Menacing solar storm likely to strike Earth today as CME clouds approach

NOAA forecasters have revealed that a dangerous solar storm is possible today, April 5, as a CME cloud is expected to deliver glancing blows to the Earth. Check what is about to happen.

| Updated on: Apr 05 2023, 10:35 IST
Best NASA Astronomy Pictures of the Week: Aurora, Green flash sunset, Nebula and more
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1/5 Geomagnetic storm sparks auroras (March 27) - Millions of people in the US witnessed the magnificent Northern Lights triggered by a strong geomagnetic storm, which served as the catalyst. Even NASA's Astronomy Picture of the Day for March 27 is dedicated to a mesmerizing view of an Aurora over the Arctic. (NASA/Cari Letelier)
Green flash sunset
2/5 Rare Green Flash Sunset (March 28) - It is a fascinating snapshot of a multiple green flash sunset captured from the Cerro Tololo Inter-American Observatory in Chile last April. As the Sun sets on the horizon and disappears from view during sunset, sometimes a green flash may appear. (NASA/T. Slovinský/P. Horálek/CTIO)
Dolphin nebula
3/5 Dolphin-Head Nebula (March 29) - It is the Dolphin-Head nebula, located about 5000 light-years away from Earth towards the constellation of Canis Major, also known as the Big Dog. This weirdly fascinating nebula is about 70000 years old and spans almost 60 light-years across, as per NASA. The Dolphin-Head nebula has been catalogued as Sh2-308. (NASA/Aleix Roig (AstroCatInfo))
 Globular Star Cluster NGC 6355
4/5 Globular star cluster and Dark Doodad Nebula (March 30) - It is the Dark Doodad Nebula which lies beside the globular star cluster NGC 4372. Also known as Caldwell 108, the globular star cluster is located about 19000 light-years away in the constellation Musca. It was discovered in 1826 by the Scottish astronomer James Dunlop from his observation post in Australia. (NASA/ESA/Hubble Telescope)
5/5 Saturn's Moon Titan (March 31) - It is a snapshot showing 6 faces of Titan. Titan has a radius of about 2575 kilometers and is nearly 50 percent wider than Earth's moon. Saturn's icy moon is about 1.2 million kilometers away from Saturn, which itself is about 1.4 billion kilometers from the Sun. (NASA/ESA/VIMS Team)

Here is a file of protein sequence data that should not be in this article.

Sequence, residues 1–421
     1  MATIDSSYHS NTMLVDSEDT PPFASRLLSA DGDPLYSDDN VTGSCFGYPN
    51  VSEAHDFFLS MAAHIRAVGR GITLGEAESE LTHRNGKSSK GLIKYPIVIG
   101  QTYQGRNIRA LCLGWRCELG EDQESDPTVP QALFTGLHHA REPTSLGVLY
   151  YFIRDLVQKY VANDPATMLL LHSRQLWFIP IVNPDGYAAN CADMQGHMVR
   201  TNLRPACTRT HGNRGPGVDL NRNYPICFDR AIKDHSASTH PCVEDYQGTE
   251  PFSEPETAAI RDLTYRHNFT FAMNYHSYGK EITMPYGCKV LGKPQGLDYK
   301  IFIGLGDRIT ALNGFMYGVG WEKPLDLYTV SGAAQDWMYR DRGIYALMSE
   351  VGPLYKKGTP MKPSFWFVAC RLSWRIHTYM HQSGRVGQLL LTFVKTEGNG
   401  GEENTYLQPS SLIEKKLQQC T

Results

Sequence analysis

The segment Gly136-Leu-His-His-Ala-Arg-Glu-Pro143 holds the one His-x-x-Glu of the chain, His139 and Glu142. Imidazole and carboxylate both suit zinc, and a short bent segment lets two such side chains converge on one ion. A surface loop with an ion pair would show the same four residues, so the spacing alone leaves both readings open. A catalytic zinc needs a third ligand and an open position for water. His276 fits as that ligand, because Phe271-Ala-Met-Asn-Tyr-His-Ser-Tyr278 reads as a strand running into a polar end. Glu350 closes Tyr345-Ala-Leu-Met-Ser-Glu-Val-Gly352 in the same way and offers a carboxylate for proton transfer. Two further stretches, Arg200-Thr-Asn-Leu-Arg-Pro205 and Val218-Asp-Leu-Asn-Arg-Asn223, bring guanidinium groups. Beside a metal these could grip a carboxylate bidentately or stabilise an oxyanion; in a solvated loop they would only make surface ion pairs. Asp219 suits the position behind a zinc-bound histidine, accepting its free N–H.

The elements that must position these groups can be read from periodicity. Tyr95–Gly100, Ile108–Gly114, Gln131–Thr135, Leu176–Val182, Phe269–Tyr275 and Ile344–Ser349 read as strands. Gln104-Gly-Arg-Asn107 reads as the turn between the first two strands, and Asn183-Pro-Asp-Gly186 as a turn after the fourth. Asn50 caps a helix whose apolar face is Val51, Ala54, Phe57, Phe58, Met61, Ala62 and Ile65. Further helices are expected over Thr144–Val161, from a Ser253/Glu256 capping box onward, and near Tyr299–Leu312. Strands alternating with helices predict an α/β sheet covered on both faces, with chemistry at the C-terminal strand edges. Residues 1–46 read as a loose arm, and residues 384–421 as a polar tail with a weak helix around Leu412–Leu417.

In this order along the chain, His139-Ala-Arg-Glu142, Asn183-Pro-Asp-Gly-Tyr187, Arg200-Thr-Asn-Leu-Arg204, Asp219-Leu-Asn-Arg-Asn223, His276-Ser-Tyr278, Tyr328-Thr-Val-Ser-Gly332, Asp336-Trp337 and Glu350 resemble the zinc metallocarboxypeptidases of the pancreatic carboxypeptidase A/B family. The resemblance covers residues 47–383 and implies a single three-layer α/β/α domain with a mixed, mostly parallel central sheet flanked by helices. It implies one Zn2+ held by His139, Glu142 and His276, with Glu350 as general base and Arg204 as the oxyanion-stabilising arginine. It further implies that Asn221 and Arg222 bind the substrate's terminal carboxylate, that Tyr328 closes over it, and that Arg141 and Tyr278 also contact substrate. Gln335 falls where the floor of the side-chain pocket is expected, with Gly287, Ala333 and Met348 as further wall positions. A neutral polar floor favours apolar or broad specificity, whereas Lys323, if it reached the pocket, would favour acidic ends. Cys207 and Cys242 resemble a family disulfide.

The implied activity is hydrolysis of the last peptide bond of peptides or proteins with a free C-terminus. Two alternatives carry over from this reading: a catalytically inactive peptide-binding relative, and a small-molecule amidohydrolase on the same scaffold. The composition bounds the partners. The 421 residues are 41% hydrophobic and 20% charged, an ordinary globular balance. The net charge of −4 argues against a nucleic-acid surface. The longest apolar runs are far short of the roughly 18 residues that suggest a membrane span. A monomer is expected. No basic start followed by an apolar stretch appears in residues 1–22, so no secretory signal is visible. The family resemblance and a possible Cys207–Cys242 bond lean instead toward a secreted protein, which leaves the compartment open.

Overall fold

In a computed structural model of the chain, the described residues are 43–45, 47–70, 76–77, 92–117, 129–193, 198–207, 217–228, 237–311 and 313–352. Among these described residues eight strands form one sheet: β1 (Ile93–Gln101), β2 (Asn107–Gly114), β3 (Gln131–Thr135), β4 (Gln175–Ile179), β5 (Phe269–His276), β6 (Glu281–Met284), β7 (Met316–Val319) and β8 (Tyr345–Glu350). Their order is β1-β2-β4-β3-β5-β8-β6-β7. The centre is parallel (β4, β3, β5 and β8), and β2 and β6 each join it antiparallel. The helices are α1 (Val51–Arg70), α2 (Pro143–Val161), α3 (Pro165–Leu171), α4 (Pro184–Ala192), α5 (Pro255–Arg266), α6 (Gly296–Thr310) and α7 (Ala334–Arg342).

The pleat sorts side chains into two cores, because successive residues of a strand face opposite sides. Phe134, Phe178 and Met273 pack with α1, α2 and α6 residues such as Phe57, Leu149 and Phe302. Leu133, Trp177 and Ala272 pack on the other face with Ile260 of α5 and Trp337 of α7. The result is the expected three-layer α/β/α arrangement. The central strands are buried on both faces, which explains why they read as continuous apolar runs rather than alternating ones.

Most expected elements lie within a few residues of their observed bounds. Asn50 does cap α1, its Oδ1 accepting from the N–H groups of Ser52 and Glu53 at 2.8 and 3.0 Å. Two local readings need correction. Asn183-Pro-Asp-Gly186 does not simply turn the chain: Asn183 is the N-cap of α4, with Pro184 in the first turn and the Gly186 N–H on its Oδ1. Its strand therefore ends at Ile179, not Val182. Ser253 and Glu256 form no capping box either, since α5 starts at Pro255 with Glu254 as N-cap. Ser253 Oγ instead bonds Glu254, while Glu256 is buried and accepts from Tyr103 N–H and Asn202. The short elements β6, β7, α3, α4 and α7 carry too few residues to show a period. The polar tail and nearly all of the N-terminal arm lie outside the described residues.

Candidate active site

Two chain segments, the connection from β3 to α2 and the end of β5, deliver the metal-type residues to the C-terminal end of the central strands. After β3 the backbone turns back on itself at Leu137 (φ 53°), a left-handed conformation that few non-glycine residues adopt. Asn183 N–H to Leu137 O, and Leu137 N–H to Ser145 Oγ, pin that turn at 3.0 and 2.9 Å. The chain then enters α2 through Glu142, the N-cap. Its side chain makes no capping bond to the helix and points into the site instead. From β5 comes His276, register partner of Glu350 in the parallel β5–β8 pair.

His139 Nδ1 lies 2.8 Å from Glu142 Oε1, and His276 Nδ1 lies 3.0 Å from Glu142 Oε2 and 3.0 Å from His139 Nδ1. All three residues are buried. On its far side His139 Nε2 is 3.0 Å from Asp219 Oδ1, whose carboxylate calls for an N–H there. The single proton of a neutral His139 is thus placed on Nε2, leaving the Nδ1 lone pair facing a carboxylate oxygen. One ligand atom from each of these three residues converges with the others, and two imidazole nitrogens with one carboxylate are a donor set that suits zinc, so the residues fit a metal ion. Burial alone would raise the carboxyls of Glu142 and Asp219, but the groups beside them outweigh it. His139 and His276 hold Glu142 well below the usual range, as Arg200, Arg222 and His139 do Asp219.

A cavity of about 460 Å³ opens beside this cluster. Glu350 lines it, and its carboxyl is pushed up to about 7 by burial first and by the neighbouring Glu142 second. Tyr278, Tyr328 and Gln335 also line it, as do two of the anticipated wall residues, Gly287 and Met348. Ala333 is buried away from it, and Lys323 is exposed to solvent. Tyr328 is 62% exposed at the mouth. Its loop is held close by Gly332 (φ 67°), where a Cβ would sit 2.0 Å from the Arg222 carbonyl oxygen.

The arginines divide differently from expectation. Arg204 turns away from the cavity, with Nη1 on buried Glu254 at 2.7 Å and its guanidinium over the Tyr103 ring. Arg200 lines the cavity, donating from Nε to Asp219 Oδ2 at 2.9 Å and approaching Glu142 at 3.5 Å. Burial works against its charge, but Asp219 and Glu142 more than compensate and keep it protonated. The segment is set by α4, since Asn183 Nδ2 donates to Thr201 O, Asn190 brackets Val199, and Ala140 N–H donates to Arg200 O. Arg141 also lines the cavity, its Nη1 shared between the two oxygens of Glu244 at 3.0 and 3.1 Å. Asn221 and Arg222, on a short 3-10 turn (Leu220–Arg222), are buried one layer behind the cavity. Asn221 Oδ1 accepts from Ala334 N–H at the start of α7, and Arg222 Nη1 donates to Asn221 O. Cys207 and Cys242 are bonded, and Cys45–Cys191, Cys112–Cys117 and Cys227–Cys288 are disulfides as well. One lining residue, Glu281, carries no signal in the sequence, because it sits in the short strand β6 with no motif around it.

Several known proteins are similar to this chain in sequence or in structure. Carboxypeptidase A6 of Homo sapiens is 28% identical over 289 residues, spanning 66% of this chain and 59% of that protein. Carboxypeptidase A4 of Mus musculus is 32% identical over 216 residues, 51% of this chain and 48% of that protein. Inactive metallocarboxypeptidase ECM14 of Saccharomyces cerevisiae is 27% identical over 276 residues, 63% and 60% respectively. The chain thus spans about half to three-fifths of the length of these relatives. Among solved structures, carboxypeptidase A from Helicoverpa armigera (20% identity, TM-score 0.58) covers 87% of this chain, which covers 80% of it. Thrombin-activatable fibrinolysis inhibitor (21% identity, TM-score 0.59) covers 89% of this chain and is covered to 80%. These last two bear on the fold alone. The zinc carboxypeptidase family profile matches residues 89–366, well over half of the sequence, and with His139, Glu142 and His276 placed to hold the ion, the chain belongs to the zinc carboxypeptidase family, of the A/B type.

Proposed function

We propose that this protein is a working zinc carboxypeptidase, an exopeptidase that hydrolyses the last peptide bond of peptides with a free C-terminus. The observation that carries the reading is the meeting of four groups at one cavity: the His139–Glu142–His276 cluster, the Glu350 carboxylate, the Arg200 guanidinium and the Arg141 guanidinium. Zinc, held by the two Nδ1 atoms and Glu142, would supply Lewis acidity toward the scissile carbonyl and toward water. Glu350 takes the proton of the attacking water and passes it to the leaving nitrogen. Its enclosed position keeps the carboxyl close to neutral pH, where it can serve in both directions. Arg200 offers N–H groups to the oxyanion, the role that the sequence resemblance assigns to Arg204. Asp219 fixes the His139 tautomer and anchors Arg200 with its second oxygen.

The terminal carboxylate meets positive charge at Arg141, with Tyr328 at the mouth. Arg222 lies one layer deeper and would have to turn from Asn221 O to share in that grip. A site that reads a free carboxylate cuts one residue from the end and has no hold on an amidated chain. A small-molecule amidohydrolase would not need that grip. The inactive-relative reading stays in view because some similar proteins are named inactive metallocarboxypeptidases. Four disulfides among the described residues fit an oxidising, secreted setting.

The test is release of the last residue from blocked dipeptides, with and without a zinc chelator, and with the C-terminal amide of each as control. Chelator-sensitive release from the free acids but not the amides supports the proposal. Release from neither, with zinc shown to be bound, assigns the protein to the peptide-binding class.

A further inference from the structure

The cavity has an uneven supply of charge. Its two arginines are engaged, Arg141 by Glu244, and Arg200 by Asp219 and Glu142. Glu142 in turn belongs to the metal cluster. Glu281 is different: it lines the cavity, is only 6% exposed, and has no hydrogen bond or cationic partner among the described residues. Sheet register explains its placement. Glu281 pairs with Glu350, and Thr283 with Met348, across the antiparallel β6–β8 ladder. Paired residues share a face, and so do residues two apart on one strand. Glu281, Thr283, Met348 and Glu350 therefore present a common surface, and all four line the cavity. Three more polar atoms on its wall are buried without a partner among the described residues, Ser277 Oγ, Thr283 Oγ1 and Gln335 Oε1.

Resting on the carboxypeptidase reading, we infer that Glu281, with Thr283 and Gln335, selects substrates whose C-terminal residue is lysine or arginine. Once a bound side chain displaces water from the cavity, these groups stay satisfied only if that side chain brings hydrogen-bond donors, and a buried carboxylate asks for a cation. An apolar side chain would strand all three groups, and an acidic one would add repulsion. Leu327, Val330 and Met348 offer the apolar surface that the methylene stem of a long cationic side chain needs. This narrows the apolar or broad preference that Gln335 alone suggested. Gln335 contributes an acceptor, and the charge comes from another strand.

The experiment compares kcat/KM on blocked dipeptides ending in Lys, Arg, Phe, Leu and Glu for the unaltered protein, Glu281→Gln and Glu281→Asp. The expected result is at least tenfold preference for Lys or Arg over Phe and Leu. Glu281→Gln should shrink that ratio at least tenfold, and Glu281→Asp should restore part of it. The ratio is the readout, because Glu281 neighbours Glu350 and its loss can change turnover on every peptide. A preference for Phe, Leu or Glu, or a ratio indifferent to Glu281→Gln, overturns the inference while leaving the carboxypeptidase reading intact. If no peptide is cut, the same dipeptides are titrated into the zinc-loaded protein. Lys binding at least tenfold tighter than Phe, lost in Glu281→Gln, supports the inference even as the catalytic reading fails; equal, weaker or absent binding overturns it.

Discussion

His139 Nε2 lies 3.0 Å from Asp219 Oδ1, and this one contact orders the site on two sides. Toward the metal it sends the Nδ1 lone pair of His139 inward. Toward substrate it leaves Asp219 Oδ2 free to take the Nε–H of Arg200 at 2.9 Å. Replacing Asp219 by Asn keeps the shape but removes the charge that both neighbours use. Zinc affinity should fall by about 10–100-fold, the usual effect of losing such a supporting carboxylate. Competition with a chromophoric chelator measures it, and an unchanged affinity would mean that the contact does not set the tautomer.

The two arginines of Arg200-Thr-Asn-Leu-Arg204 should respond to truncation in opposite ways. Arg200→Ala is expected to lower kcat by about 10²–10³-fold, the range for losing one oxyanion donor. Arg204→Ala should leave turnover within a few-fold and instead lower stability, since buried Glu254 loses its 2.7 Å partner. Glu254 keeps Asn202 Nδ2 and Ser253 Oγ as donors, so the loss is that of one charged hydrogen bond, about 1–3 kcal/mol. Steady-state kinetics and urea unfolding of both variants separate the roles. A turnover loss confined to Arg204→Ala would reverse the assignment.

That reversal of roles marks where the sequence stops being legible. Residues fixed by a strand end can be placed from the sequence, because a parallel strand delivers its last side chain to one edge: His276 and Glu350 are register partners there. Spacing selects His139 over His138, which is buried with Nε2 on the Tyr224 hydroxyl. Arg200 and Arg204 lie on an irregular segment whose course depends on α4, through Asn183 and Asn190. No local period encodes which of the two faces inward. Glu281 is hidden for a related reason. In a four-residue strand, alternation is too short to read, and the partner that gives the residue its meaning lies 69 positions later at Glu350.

Solar flare
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Know all about the solar storm which is gearing up to hit the Earth. (SDO/NASA)

Yesterday, it was reported that a ring-shaped sunspot group grew 10-folds in just a period of 24 hours and was posing a threat of solar flare eruption for the Earth. But that is a problem for the future. The immediate concern is a giant cloud of coronal mass ejection (CME) which is fast approaching our planet. The National Oceanic and Atmospheric Administration (NOAA) has revealed that there is a possibility that it can deliver glancing blows to the Earth and cause a solar storm event today, April 5. Know its possible consequences.

The development was reported by which noted in its website, “NOAA forecasters say that a CME might pass close to Earth today. It is debris from a magnetic filament that erupted from the sun on March 30th. A glancing blow could spark minor geomagnetic storms and Arctic auroras”.

CME clouds to bring solar storm to Earth

This CME was released from the Sun on March 30, when a massive magnetic filament was seen by NASA telescopes. As CME moves slower than solar winds, it took the solar particles almost a week to reach the Earth. Luckily, the current forecast suggests that we will only get glancing blows from the cloud. This means that the resultant geomagnetic storm will not be a major one and will be restricted to G1-class or a G2-class storm.

However, there is more bad news brewing for the days to come. Another new sunspot, named AR3270, has been detected by the NASA Solar Dynamics Observatory. The sunspot has two primary dark cores, both larger than the Earth. The sunspot is carrying an unstable delta-class magnetic field and can explode in the days to come. Our planet can face radio blackouts and GPS disruptions, as well as another bout of geomagnetic storm.

The marvelous tech of the NASA Solar Dynamics Observatory

The NASA Solar Dynamics Observatory (SDO) carries a full suite of instruments to observe the Sun and has been doing so since 2010. It uses three very crucial instruments to collect data from various solar activities. They include Helioseismic and Magnetic Imager (HMI) which takes high-resolution measurements of the longitudinal and vector magnetic field over the entire visible solar disk, Extreme Ultraviolet Variability Experiment (EVE) which measures the Sun's extreme ultraviolet irradiance and Atmospheric Imaging Assembly (AIA) which provides continuous full-disk observations of the solar chromosphere and corona in seven extreme ultraviolet (EUV) channels.

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First Published Date: 05 Apr, 10:08 IST